Strong and well-defined shoulders are essential to a powerful physical appearance
In trying to be more active, get fitter and healthier it’s essential to have find a balanced lifestyle that works for you
Being one of the biggest foodies out there as well as a fitness nut, I’m a big advocate of a balanced lifestyle. As well as keeping fit, one of my favourite things to do in life is eat. And, like the best of us from time to time, it’s not the always the healthiest of foods that I choose to gorge on.
So for me (and my fellow periodic binge eaters) staying in shape and maintaining a certain body composition means I need balance the other elements of my lifestyle accordingly.
And that’s precisely the point we all need to reach: balance. Ying and yang and all that other Zen nirvana stuff. So, how best to maintain a balanced lifestyle?
Unsurprisingly, nutrition plays a vital role in balancing your lifestyle out. So let’s first talk about food management.
To keep it simple, for anyone to lose body fat you need to be in a caloric deficit (consuming less calories than your body is burning throughout the day). For fat loss, this is a basic principle: burn more calories than you consume.
However, the deeper you go into a caloric deficit the harder it is to maintain for a long period. And in some cases, people who go into an extreme calorie deficit actually begin to lose muscle rather than fat because they don’t have a balanced nutritional mix in their system: it’s what the scientists call metabolic adaptation.
Most people have specific goals they would like to achieve: a certain percentage of body fat, a certain suit or waist size, those dazzling abs, and so on. But, once they realise the level of effort and dedication required to have that dreamy, washboard six-pack they are happy just keeping fit and healthy with less radical results, and then they take their foot off the fat-loss accelerator for a more sustainable lifestyle.
Cheat meals, not cheat days
The point here is that extremism is not good. In any sense of the word.
Enjoy being responsible with your food but without starving yourself. Here’s a quick fix: During the week I keep my calories lower than what I am burning to compensate for my cheat meals on the weekend. Limit yourself to one or two cheat meals (read: meals not cheat days) per week and you’re onto a winner — you’re already balancing out your diet in a healthier, more sustainable manner than before.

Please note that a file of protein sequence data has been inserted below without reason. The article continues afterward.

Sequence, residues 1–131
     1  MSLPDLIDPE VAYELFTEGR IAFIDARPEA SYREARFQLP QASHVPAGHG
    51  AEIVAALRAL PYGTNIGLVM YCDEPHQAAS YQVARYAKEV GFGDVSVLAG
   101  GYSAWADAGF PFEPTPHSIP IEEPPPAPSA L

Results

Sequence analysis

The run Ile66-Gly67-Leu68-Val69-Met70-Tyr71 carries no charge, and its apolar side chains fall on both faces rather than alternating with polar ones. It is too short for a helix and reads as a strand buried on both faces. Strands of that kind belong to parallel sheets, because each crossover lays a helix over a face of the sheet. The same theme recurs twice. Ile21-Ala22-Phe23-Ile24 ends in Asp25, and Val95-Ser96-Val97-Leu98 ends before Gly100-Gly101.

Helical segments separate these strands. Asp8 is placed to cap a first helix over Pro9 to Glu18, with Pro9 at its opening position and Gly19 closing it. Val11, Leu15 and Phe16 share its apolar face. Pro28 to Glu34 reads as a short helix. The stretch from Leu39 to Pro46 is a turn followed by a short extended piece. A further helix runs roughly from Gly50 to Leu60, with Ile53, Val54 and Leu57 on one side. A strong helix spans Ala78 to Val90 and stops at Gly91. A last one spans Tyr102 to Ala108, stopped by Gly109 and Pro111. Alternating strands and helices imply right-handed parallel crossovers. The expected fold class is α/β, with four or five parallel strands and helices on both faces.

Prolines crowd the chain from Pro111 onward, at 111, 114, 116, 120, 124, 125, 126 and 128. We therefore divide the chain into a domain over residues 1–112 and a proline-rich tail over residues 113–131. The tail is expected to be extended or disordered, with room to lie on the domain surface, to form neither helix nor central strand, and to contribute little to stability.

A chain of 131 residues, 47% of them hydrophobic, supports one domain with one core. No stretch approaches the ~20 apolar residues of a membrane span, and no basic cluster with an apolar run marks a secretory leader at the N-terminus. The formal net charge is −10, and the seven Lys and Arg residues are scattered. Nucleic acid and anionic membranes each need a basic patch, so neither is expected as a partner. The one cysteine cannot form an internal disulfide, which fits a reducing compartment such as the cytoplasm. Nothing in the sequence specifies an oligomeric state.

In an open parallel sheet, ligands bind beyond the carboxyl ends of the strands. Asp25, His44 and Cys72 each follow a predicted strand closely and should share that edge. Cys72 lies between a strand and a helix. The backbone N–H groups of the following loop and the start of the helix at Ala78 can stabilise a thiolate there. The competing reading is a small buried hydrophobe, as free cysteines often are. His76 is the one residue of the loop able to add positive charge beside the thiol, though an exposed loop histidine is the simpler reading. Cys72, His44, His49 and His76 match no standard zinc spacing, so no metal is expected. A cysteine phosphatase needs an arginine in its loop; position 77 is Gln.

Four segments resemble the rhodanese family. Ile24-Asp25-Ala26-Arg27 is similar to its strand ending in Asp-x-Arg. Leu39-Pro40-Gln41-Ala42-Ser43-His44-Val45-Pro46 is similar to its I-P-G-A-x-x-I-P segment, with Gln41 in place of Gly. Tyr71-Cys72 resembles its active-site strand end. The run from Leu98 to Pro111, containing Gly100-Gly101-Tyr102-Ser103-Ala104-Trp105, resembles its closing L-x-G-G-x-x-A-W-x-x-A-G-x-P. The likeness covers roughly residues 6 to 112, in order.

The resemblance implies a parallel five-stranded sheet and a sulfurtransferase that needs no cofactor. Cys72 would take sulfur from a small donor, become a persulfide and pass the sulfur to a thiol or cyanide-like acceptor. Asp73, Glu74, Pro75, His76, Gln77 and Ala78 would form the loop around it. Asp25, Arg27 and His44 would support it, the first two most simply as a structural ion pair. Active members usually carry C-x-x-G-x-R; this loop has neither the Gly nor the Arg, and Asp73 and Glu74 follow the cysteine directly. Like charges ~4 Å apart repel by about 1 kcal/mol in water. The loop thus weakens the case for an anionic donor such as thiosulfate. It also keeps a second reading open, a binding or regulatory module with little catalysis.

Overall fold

Now, once you’ve got your basic nutrition regimen scheduled and structured, you need to actually hit the gym.
To achieve a balanced lifestyle, you should aim to train 3-5 times per week, depending on your schedule, how much free time you have and how recently you signed up to get yourself that mythical Greek physique.
Don’t waste your time in the gym by yourself where there is no one to support give you that kick you need to actually do something worthwhile in there.
Find somewhere you actually enjoy going. Remember this is about balance, feeling comfortable with your lifestyle choices. And the gym you choose to attend is part and parcel of that balance and comfort (though you should always try to push yourself past your comfort zones when working out!)
I joined three CrossFit classes and two Black classes in the week at Bare. The vibe that our members bring to our training centre offers everyone a natural balance and necessary feeling of belonging: balancing out their work life and their leisure time.
Your training should be a combination of weight training and high intensity interval training (hiit). The reason for this is that your body will reach certain plateaus by doing similar workouts repeatedly. You need weight training thrown into the mix in order to break these plateaus. 3-5 one-hour sessions is all that is needed per week to get you underway.
And when it comes to choosing when to train, tailor this to how you work best. Go when you feel you have the most energy: if you’re a morning person then train in the morning. If you need to relieve the stress of the workday at the gym, go after work. Simple.
For myself, I find that training throughout the week and resting over the weekend works well in maintaining my balanced work out regime. But it is a personal preference. Doing it this way allows me to push my limits for five days straight, knowing full well I have two days of guaranteed rest after it.
But don’t be afraid to use a little trial and error in finding your happy medium. When starting some sort of vigorous training, find what works for you. You may have to take a rest day after each training session.
A balanced lifestyle is extremely low maintenance once you know what works for you. A lot of this well stem from preparation, kick-starting a structured routine and organisation.
Train hard and push out of your comfort zone when you can. You cannot eat junk food all the time (as much as we would like to). So choose specific cheat meals in advance so you have something to look forward to. Most importantly, enjoy it, don’t do something if you hate doing it, find the balance for you.
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